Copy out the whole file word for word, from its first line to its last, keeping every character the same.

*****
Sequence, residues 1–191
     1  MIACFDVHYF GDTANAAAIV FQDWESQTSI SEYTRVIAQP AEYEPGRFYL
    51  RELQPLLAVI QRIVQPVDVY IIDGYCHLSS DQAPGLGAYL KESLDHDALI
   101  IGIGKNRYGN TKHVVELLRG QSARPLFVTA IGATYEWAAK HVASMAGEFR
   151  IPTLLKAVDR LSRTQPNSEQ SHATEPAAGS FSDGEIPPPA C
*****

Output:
Sequence, residues 1–191
     1  MIACFDVHYF GDTANAAAIV FQDWESQTSI SEYTRVIAQP AEYEPGRFYL
    51  RELQPLLAVI QRIVQPVDVY IIDGYCHLSS DQAPGLGAYL KESLDHDALI
   101  IGIGKNRYGN TKHVVELLRG QSARPLFVTA IGATYEWAAK HVASMAGEFR
   151  IPTLLKAVDR LSRTQPNSEQ SHATEPAAGS FSDGEIPPPA C